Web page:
Broward News

School Police Investigate Disappearance of Jeffrey Hernandez Emails

Jeffrey Hernandez left the Palm Beach County schools on a sour note last summer. The chief academic officer endured a storm of criticism from parents and teachers who hated curriculum changes aimed to raise test scores.

As the district was hurrying him out the door, Hernandez kicked up more controversy by doing consulting work for Tennessee schools while still on the payroll in Palm Beach.

This month, the district hired an outside auditing firm to investigate allegations of misconduct against Hernandez and his boss, Superintendent Art Johnson. Now, just as the investigation begins, a sizable chunk of Hernandez's emails have disappeared from his work computer. They vanished sometime between last September and December, and a district police officer can't figure out what happened to them.

Even stranger: The emails didn't disappear until a parent submitted a public records request to view them last fall.

The police officer began looking into the matter this month, but after interviewing all the employees who had access to Hernandez's account, he still couldn't solve the mystery.

There were plenty of emails on Hernandez's computer, including notes dated between July 2010 and January 2011, but not any from his last six months of employment, January 2010 to June 2010. Yet the district is not treating the disappearance of public records as a crime.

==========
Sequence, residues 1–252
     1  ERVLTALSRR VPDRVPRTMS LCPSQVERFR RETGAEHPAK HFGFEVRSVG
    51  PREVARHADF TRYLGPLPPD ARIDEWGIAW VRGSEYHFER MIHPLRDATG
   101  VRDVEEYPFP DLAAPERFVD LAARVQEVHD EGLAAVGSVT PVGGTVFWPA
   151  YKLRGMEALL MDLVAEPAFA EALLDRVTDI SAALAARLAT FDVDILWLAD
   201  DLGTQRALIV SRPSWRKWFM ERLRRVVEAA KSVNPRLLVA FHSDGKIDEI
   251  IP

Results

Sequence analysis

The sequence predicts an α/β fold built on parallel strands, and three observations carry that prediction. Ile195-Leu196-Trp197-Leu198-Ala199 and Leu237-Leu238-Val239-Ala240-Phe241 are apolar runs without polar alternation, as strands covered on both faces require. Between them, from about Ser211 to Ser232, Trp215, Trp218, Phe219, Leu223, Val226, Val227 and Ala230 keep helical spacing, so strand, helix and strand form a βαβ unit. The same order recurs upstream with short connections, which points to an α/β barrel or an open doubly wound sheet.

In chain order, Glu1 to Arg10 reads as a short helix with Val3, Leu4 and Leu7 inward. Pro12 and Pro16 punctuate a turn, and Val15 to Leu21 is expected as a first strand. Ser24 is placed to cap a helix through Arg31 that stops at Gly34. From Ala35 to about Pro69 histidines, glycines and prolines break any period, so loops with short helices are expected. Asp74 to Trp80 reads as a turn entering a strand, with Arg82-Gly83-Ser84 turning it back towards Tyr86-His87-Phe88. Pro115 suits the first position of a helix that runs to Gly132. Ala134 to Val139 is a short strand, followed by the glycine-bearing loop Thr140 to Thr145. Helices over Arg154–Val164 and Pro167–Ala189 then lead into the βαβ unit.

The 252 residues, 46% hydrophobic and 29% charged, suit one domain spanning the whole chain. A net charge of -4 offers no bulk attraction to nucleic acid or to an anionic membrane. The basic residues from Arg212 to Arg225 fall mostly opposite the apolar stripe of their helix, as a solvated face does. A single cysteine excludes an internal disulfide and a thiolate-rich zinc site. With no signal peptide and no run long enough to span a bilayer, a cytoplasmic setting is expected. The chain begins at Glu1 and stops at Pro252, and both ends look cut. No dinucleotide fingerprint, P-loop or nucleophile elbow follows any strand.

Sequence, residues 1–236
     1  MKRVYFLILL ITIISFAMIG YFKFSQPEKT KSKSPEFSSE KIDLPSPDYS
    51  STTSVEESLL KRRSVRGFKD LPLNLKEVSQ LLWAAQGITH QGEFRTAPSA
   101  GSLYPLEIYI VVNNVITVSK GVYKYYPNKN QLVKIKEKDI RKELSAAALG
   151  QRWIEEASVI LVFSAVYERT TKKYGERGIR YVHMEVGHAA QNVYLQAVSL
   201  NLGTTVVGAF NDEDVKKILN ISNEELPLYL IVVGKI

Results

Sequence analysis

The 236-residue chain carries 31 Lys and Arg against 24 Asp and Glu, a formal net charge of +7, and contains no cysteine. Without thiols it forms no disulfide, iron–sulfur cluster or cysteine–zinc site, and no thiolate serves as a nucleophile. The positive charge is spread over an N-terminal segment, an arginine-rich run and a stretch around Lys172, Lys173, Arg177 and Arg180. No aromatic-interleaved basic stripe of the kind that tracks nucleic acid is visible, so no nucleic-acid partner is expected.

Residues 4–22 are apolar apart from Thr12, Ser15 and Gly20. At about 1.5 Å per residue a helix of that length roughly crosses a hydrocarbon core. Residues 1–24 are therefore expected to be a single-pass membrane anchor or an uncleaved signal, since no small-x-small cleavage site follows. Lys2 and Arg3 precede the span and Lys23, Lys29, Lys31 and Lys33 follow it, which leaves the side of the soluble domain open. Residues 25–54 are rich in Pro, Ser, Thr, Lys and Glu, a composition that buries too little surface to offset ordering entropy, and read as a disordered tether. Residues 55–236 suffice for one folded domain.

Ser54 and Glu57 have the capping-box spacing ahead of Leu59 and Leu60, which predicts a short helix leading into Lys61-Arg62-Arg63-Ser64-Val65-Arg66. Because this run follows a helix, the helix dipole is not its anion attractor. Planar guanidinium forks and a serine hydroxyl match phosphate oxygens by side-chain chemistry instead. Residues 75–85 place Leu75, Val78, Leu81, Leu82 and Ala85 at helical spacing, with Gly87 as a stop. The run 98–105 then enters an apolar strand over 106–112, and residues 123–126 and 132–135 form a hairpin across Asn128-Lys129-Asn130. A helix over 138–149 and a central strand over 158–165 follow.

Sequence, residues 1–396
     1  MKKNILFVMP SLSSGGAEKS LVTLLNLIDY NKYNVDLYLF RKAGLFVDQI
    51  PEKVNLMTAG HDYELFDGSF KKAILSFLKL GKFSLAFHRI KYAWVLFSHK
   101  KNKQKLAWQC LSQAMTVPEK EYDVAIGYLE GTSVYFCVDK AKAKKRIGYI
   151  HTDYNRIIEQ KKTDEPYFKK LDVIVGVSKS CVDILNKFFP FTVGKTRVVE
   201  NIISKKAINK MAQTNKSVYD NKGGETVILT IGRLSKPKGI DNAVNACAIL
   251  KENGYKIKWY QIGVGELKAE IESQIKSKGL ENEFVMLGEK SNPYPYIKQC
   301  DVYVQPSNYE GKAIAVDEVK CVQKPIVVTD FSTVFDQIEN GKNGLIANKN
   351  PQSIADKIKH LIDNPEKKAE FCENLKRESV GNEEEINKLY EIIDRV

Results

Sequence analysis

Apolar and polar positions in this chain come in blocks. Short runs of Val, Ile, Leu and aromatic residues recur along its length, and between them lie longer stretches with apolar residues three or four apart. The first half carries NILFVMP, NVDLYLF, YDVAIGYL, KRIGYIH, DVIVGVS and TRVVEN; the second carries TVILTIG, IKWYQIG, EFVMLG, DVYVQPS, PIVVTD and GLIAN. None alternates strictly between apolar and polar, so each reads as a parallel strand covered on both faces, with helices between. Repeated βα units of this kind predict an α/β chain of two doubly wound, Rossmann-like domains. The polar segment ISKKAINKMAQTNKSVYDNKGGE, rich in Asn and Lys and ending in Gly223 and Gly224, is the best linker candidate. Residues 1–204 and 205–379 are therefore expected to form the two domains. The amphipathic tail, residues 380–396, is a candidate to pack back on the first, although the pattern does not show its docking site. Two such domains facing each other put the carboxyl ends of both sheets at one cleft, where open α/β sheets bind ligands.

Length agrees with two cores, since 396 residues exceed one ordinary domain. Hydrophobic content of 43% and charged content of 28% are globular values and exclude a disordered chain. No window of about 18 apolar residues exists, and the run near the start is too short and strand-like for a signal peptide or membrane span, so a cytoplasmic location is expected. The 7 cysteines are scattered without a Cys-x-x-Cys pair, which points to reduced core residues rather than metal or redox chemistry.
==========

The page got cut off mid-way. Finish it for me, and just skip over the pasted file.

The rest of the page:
"As of this time I cannot locate any evidence which would suggest that anything inappropriate occurred," the officer wrote in a report about the incident.

"Although there is an obvious absence of email for certain time periods (06/30/2010 and earlier) in Mr. Hernandez' account, this may have simply been Mr. Hernandez, or perhaps someone else, cleaning out his email account since he was no longer an employee."

So a public official deletes potentially controversial records on his way out the door and that's OK?

District spokesman Nat Harrington says he's "not aware" of any further detective work the district has planned into the matter.

As for the outside auditors who were just hired to investigate Hernandez and Johnson, they can look at whatever they want. Happy hunting.

Follow The Juice on Twitter: @TheJuiceBPB.

KEEP NEW TIMES BROWARD-PALM BEACH FREE... Since we started New Times Broward-Palm Beach, it has been defined as the free, independent voice of South Florida, and we'd like to keep it that way. With local media under siege, it's more important than ever for us to rally support behind funding our local journalism. You can help by participating in our "I Support" program, allowing us to keep offering readers access to our incisive coverage of local news, food and culture with no paywalls.
Lisa Rab
Contact: Lisa Rab